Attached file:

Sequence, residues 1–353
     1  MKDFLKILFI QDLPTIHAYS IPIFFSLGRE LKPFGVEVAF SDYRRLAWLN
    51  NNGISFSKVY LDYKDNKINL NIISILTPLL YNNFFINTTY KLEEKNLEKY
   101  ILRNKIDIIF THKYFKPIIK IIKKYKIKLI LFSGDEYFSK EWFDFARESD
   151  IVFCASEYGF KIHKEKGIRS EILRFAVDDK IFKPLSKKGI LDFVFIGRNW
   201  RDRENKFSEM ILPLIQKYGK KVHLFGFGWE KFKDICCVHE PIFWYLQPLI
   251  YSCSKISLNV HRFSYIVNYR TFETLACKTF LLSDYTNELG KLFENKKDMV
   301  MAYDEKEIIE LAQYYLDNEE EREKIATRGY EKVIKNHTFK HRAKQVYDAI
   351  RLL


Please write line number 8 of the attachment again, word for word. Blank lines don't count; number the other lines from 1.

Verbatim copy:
   301  MAYDEKEIIE LAQYYLDNEE EREKIATRGY EKVIKNHTFK HRAKQVYDAI